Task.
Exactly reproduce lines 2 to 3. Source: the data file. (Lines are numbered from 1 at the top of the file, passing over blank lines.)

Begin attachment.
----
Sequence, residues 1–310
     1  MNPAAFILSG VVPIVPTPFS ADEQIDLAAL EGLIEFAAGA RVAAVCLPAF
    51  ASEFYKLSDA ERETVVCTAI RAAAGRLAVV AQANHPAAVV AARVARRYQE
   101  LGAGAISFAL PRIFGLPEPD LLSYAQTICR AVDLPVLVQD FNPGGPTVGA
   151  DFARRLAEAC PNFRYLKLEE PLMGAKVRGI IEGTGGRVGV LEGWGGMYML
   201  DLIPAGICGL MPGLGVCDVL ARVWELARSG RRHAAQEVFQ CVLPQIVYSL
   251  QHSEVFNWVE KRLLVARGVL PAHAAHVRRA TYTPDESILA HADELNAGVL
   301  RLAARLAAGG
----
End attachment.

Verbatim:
     1  MNPAAFILSG VVPIVPTPFS ADEQIDLAAL EGLIEFAAGA RVAAVCLPAF
    51  ASEFYKLSDA ERETVVCTAI RAAAGRLAVV AQANHPAAVV AARVARRYQE